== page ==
In both novels alienation of the main characters is caused by external factors such as war time and economic instability. In The Great Gatsby, Fitzerald depicts hat for the preceding two generations there had been a feeling that civilization was at last outgrowing war. At the same time philosophers like Gatsby yearned for the nobility and self-sacrifice that they believed war produced. Fitzgerald describes:
He did extraordinarily well in the war. He was a captain before he went to the front and following the Argonne battles he got his majority and the command of the divisional machine guns (Fitzgerald 2006).
In contrast to Gatsby, Grigoriy Pechorin is still an army officer influenced by the Caucasian war. Lermontov depicts events, experience, time, memories through the eyes of Grigoriy Pechorin who differs from other characters. He is emotionally distant and depressed but this isolation is caused by boredom of war and military service. Lermontov describes the duel:
Whichever of you is killed -- his death will be put down to the account of the Circassians. That is something like murder, but in time of war, and especially in Asiatic warfare, such tricks are allowed (Lermontov 1997).
These events and attitude towards life is the last authority for both characters, and readers can oppose or compare the narrator's point of view with remarks and ideas of the main characters, and their own. Fitzgerald and Lermontov portray ideal world and idealized characters but they vividly disillusionment and isolation caused by war and military operations. It was a grisly, pointless carnage that had no relation to the romantic conceptions of war common before the war began. The reaction of most Americans to this situation was understandably cynical. Many intellectuals held the conviction that the hypocritical false idealism and loose thinking of an older generation had caused the war. The main difference is that economic reactions have a great impact on Gatsby and his isolation from the society but do not have a crucial impact on the character of Pechorin. The misery that came with the Depression changed people's attitudes. They resented the rich more than they had before, and blamed the rich for the Depression.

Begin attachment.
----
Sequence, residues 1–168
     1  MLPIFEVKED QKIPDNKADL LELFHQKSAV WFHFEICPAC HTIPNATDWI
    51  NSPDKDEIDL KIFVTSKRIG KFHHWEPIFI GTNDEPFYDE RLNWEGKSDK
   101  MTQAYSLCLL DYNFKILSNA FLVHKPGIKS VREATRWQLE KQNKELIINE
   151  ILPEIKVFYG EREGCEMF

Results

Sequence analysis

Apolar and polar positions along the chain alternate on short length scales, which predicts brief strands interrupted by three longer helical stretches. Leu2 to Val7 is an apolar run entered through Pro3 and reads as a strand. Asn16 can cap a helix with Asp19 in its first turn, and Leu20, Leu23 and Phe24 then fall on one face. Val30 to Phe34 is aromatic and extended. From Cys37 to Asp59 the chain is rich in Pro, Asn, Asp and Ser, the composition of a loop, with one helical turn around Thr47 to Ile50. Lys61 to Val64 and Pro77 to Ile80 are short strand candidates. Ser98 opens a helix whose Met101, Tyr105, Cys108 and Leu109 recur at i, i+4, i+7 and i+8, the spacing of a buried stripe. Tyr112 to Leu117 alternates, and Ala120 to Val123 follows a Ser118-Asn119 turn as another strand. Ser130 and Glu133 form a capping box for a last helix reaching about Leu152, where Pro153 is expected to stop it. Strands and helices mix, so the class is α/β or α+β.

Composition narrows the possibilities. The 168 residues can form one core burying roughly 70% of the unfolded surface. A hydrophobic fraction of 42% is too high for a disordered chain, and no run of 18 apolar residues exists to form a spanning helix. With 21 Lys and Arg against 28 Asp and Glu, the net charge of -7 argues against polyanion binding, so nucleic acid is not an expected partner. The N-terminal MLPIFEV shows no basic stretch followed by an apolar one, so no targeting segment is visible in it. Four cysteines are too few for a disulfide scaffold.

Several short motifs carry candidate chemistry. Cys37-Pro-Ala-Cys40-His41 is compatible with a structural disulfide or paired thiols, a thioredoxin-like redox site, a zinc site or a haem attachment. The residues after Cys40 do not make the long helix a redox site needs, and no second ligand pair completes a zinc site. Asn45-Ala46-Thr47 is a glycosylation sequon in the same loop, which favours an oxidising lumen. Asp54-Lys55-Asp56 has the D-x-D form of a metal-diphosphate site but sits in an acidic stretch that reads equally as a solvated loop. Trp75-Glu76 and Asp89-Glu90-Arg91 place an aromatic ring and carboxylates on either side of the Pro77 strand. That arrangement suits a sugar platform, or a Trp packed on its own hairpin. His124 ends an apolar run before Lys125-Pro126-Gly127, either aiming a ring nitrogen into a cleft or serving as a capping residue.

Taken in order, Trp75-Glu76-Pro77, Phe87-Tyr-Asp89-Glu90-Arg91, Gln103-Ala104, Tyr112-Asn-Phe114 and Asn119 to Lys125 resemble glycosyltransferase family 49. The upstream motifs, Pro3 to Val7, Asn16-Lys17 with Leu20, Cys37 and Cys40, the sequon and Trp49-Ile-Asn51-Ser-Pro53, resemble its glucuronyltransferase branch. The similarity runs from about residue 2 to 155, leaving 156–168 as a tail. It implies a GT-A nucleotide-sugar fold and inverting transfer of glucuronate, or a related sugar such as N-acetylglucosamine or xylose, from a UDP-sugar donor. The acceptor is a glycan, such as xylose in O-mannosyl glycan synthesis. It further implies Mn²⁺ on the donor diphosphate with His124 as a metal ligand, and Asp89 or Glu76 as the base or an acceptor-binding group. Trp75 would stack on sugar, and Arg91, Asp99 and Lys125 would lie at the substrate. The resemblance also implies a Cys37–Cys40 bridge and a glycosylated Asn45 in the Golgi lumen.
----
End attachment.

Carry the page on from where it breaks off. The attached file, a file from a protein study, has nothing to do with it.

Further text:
Unrequited love and strong romantic feelings cause alienation and isolation of both characters from the society. It seems that Pechorin and Gatsby isolated themselves on purpose to avoid emotional sufferings and distress. On the other hand, this isolation and alienation only intensify their depression and emotional sufferings. Gatsby worships Daisy, and his whole illicit career is an attempt to recapture Daisy. "Daisy tumbled short of his dreams-not through her own fault, but because of the colossal vitality of his illusion" (Fitzgerald 2006). He is carried along by her beautiful, hypnotic voice, but when she finishes, he feels that she has cheated him. Gatsby's inability to repeat the past is much more than the failure of an experience in romantic love, because for Gatsby that love is the essence of his powerful desire for a vaguely defined, selffulfilling greatness. Gatsby's version of the American Dream is specific about only two things: money and Daisy. The dream is